Don't waste your time with the communist pinko Zenn book. A good shop manual will be much more helpful then reading someone's egotistical based mental ejaculations. You want technical information, not feelings and emotions.

:biggrin:
 

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I enjoyed ZAMM - read it a couple of times, 1st when I was about 17 I think, but philosophy is called mental masturbation by many, thinking about thinking etc.

I agree with replace gaskets, they're not generally expensive to buy, might take some time to get at when fitting I guess, depending where it is
 

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Ghost in the machine
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You could try not using synthetic oil. It does not cause gaskets to expand in the way conventional oils do, and its molecules are smaller, thus the oil leaks in older engines.
 

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American Legion Rider
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I have no idea if this is fact or not but I've heard some be successful by putting dino back in. Probably at best is temporary now that oil has got thru but doing that and re-torquing may get you a several months.


EDIT: I see jag13 types faster than me but is on the same page.
 

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Discussion Starter #12
Thanks for the replies. I'm just going to bite the bullet and have someone do it for me; I really don't have a place (or the time) to work on it.
 

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ZAMM Fanatic
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Don't waste your time with the communist pinko Zenn book. A good shop manual will be much more helpful then reading someone's egotistical based mental ejaculations. You want technical information, not feelings and emotions.

:biggrin:
LOLOL

Without proper state of mind repair manual only use as toilet paper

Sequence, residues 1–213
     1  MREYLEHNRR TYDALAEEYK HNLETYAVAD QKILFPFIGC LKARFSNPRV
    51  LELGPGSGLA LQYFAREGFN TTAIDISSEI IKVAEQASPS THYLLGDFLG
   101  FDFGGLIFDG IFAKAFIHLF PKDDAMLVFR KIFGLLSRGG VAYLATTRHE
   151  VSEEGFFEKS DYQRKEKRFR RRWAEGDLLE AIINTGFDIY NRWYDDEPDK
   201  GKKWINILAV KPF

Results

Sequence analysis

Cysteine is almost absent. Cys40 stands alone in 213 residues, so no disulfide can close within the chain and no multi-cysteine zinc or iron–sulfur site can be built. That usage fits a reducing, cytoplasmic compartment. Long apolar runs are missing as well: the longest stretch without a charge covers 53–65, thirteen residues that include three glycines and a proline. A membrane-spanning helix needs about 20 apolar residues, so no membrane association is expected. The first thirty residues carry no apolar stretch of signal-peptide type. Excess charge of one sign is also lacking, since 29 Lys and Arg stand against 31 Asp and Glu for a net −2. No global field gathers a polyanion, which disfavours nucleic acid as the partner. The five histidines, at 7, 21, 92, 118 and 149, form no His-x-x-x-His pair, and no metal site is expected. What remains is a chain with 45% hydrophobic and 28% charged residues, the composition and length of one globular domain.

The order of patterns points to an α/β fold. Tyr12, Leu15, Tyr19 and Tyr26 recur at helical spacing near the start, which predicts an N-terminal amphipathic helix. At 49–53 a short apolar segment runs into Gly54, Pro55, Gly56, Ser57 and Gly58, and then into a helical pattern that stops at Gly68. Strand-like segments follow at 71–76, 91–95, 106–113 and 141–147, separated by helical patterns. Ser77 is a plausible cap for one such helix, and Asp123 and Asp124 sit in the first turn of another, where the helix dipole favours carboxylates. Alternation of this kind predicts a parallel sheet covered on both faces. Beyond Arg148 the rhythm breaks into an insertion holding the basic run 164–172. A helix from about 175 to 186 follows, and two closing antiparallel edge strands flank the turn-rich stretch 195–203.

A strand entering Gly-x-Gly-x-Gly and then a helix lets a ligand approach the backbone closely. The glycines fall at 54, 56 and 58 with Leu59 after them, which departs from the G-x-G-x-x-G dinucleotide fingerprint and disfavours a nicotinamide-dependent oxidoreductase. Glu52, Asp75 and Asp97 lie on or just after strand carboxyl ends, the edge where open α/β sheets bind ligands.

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Please don't try to repair your gaskets with an oil additive. I can't stand even putting stop-leak in a radiator.

You can how ever seal gaskets sometimes with a gasket sealer, but by this time you already have access to the gasket and could replace it. I think gasket sealer is best used when you have warped engine parts. I had to use an abundance on a manufacture defective snowblower at the overhead cam cover.

If you cannot find gaskets you need, most cases you can find gasket material and make your own.
 

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LOLOL

Without proper state of mind repair manual only use as toilet paper
Agreed! I was studying engineering books long before I met Haynes. I meet people all of the time who are starring down their pistons with a tech manual but have no clue the process of timing. engine firing, fuel to air and carb processes, etc.
 

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do you know how to make homemade gaskets?

get some manila folders(real file folders not the digital kind) and use that to trace out the outline for your case. use a hole punch to punch out the holes to hold it on the case, then take a small hammer, and hit lightly on the insde edge of the case making a mark to follow on the inside of the gasket. follow that mark and install your gasket. manila folders are great for thin gaskets, but require you to use the same torque as the pond of the paper to make it seal.. also you can smear some hard grease on it before you install it to make it seal better.
I think sealstop gunk is worse than cheap grease, and you should never use anything in your cases that wasn't designed to be in there.
 

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Before they changed them to plastic, the cardboard that milk cartons were made from made good gaskets, too; soaked in hard wax, plus the casein in milk, they sealed really well. The head gaskets for Model T and A Fords were made with card paper soaked in milk, once upon a time.

Gasket material from the auto parts stores is better, overall, though.
 

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Of course, those were flat-head engines, and it was pretty often you replaced the gasket - and re-ground the valves. Ah, the good old days!
 

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Gone.
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I knew a guy once that had an old boring machine for Model T's. It was portable and back in the day the repair man would come to your house and he could bore out the cylinders right there in your driveway.

I don't know if the tool could have been adapted to any modern shop use, but it was real interesting to look at.